The sacred grooves are the trees which are considered as socially, culturally, medicinally or religiously important. The common examples of sacred grooves are Ficus Religiosa (Peepal) tree and Ficus benghalensis (Banyan) tree. They are known as sacred groves because there are small shrines or temples inside them honouring local deities. They are pockets of forests where people are forbidden to cut the trees or disturb the animals for fear of angering the resident gods. They can only collect honey, twigs, medicinal herbs and litter.

Sacred groves are found in every state of India though they are known by different names. There are more than 20,000 sacred groves with the most – 5000-found in Himachal Pradesh. Some are small, occupying a few hectares, while others, like the Hariyali grove in Uttarakhand and the Deodar grove near Shimla, are spread over hundreds of hectares.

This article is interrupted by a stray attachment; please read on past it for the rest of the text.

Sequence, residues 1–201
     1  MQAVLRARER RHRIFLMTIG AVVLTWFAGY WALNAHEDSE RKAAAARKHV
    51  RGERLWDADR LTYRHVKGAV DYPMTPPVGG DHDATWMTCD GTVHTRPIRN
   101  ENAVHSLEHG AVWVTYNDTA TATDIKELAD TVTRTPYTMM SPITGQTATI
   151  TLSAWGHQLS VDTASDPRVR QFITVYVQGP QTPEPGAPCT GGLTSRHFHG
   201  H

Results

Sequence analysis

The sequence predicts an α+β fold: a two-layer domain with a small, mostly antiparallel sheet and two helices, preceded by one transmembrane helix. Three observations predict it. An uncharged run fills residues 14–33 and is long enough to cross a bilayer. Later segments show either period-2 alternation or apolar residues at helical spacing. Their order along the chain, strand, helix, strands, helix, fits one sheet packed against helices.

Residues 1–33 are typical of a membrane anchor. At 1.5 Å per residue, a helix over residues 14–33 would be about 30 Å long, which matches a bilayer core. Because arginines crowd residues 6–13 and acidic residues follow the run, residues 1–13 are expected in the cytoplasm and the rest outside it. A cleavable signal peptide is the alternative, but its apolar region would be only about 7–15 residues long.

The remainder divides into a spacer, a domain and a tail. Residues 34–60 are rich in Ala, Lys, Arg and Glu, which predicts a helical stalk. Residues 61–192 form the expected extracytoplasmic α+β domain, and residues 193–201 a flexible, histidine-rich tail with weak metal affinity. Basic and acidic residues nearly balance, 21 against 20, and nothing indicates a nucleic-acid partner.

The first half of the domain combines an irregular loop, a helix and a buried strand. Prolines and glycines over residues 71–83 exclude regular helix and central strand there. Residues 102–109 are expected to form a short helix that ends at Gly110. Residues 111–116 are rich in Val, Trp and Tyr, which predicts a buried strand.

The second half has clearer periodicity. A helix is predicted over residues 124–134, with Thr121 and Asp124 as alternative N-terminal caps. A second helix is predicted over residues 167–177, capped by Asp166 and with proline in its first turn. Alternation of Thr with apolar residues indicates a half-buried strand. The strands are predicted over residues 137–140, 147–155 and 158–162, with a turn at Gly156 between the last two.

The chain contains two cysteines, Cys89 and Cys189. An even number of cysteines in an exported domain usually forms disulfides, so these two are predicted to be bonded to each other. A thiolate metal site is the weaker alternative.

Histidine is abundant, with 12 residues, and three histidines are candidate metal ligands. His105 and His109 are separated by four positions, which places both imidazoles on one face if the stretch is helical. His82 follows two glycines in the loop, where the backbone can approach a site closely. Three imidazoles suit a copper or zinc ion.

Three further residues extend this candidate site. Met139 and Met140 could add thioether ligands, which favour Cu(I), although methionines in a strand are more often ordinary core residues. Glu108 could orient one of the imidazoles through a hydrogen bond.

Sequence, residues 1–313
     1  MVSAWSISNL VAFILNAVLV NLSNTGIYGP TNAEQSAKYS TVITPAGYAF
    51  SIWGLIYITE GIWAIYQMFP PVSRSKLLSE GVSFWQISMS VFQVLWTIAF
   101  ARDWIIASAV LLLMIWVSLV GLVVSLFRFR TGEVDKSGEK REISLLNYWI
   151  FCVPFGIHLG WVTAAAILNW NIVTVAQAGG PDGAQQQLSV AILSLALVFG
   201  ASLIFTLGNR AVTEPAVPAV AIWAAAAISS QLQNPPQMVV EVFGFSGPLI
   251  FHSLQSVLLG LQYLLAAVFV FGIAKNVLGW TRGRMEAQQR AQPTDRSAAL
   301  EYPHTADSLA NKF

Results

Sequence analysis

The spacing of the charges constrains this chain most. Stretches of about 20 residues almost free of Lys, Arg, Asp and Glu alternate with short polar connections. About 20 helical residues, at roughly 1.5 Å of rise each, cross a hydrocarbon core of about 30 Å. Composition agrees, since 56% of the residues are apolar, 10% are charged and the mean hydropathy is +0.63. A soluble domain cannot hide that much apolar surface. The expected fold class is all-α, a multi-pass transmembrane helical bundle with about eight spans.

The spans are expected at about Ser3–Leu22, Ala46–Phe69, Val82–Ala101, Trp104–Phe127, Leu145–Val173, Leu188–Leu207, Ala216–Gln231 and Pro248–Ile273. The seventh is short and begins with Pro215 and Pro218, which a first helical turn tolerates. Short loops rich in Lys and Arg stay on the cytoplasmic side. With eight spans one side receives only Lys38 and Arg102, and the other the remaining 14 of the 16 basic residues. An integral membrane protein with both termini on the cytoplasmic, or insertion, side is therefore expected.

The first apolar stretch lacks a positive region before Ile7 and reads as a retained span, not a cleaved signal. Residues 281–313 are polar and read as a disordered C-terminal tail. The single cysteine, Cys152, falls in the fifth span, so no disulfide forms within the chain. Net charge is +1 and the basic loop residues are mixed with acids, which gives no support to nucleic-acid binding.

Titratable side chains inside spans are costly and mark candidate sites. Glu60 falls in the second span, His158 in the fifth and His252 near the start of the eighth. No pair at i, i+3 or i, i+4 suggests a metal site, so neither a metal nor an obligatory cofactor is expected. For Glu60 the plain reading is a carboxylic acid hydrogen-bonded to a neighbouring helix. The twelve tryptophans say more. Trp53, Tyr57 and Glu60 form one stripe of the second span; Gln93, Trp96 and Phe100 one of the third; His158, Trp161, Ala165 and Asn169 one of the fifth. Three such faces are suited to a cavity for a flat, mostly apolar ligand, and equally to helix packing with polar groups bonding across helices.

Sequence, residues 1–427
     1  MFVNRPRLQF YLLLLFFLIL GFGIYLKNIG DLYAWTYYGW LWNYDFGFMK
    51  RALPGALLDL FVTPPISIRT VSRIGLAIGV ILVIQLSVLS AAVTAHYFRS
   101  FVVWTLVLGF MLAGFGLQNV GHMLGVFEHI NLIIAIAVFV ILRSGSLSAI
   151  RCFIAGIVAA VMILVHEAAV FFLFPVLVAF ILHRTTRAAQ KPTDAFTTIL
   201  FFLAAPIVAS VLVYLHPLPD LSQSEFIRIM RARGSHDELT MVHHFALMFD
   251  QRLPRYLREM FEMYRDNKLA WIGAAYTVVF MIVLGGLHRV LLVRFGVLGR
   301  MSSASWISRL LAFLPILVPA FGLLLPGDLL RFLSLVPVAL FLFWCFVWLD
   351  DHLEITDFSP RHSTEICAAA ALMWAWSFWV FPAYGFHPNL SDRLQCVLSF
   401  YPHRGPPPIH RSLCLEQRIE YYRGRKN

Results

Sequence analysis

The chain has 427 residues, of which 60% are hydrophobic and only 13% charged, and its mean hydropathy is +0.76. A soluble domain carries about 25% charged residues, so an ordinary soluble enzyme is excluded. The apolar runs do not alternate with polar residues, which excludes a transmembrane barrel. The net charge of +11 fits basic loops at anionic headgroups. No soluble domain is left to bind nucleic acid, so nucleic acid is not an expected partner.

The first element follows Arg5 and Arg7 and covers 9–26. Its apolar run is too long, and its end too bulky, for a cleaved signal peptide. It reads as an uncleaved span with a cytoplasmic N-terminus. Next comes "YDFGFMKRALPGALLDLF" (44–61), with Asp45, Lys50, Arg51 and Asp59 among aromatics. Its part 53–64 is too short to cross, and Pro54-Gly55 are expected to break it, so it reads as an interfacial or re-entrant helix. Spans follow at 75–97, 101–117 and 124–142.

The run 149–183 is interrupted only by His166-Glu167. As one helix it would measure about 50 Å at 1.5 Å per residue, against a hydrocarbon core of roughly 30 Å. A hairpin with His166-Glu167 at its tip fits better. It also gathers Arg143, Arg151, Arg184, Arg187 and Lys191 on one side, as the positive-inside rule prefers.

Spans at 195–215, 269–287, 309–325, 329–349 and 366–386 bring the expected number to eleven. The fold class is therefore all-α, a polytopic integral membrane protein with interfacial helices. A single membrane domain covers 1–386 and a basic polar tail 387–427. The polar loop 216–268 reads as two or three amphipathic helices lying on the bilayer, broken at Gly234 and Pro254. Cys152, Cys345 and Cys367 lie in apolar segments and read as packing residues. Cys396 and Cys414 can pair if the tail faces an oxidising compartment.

In Maharashtra they are called devarahi, in Karnataka, devarakaadu, in Rajasthan oran, in Himachal, devbhumi, in Kerala kaavu and kovil kaadu in Tamil Nadu.

The groves are extremely important because they are biodiversity hotspots. Not only do they contain hundreds of rare and valuable plants and trees, some of which are used in traditional medicines, but also different species of insects, birds and mammals. The trees help anchor the fertile topsoil and the litter provides valuable humus that local farmers cart away to replenish their fields. Ponds and streams run through these sacred groves helping to raise the water table.

Sacred groves have reduced in number and size over the years. In some groves, the trees have been cut to increase the space for religious activities – the shrines now attract too many pilgrims. Others have been taken over for cultivation. Unless local people become more involved in protecting and restoring them, sacred groves, and with them a treasure trove of ecosystems, will soon be gone forever.

Picture Credit : Google 

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